NYTimes series on the global economic crisis...part two...

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Today, the NYTimes printed part two of a four part series about the global economic crisis:


"How U.S. wooed Asia to let cash flow in"

(for snips from part one, go here: http://www.greenspun.com/bboard/q-and-a-fetch-msg.tcl?msg_id=000V7o)

Here are a few snips from today's article: (believe it or not, what I've snipped here represents only about 10% of the article)

. . . Clinton and Rubin, who became his Treasury Secretary in 1995, took the American passion for free trade and carried it further to press for freer movement of capital. Along the way they pushed harder to win opportunities for American banks, brokerages and insurance companies.

This drive for free movement of capital as well as goods was one factor in the long American-led boom in financial markets around the globe. Yet, in retrospect, Washington's policies also fostered vulnerabilities that are an underlying cause of the economic crisis that began in Thailand in July 1997, rippled through Asia and Russia, and is now shaking Brazil and Latin America.

Countries like Thailand and Russia and Brazil are in trouble today largely for internal reasons, including poor banking practices and speculation that soared out of control. But some economists also say that if those countries had weak foundations, it is partly because Washington helped supply the blueprints.

They argue that the Clinton Administration pushed too hard for financial liberalization and freer capital flows, allowing foreign money to stream into these countries and local money to move out. In many cases, foreign countries were happy to open up in this way because they thought it was the best road to economic development, but a wealth of evidence has shown that overhasty liberalization can lead to banking chaos and financial crises.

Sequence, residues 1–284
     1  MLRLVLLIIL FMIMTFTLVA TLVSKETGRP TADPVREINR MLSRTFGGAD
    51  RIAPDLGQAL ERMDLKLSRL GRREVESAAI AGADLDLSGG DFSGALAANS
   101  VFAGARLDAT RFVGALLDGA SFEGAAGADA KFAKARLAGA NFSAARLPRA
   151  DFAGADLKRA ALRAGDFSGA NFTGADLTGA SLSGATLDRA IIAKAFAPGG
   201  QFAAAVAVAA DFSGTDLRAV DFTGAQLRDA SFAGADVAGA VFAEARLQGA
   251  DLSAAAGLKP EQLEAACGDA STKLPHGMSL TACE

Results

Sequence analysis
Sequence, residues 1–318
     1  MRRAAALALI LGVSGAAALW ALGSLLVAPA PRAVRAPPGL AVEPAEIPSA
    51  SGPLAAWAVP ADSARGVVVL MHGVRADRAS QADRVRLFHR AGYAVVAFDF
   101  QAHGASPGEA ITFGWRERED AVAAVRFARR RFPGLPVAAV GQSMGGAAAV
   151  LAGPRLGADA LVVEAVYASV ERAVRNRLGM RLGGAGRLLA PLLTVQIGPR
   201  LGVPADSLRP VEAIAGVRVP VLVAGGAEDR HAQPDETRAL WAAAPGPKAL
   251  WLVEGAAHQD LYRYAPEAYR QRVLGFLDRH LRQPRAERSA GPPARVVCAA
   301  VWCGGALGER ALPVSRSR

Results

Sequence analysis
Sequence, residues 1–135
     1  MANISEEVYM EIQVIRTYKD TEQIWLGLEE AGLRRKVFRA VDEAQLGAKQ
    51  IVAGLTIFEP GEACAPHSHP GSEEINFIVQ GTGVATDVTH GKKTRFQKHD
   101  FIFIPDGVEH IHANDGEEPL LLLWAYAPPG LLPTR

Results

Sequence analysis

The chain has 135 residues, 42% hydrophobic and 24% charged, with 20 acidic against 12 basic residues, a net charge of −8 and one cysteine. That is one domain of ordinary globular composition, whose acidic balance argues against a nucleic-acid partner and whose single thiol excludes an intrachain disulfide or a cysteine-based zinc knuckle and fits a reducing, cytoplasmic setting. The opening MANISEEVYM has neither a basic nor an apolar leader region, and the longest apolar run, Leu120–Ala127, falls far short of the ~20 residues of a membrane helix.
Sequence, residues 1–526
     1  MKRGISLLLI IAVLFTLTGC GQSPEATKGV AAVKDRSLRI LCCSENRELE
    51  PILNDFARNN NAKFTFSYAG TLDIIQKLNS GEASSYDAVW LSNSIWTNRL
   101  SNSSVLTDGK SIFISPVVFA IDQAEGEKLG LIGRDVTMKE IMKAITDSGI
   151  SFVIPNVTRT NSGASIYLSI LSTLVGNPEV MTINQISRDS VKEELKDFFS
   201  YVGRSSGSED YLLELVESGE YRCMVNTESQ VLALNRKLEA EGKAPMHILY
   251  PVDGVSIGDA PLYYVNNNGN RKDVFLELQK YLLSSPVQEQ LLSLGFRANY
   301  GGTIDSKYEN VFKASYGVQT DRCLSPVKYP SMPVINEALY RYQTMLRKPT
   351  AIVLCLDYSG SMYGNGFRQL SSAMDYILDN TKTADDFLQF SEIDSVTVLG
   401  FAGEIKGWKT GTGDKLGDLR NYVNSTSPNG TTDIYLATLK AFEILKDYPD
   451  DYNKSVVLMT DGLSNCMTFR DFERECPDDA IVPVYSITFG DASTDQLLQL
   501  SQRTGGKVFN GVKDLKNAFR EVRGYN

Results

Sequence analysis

Even some former Administration officials acknowledge that they went too far. Mickey Kantor, the former trade representative and Commerce Secretary, now says that the United States was insufficiently aware of the kind of chaos that financial liberalization could provoke.

"It would be a legitimate criticism to say that we should have been more nuanced, more foresighted that this could happen," he said. Speaking of the risks of financial liberalization without modern banking and legal systems, he compared them to "building a skyscraper with no foundation."

Although the Clinton Administration always talked about financial liberalization as the best thing for other countries, it is also clear that it pushed for free capital flows in part because this was what its supporters in the banking industry wanted.

"Our financial services industry wanted into these markets," said Laura D'Andrea Tyson, the former chairwoman of President Clinton's Council of Economic Advisers and later head of the National Economic Council.

Ms. Tyson says she disagreed to some extent with the push and was concerned about "a tendency to do this as a blanket approach, regardless of the size of a country or the development of a country." Free capital flows, she worried, could overwhelm small countries or those with weak banking and legal systems, leading to a "run on a country."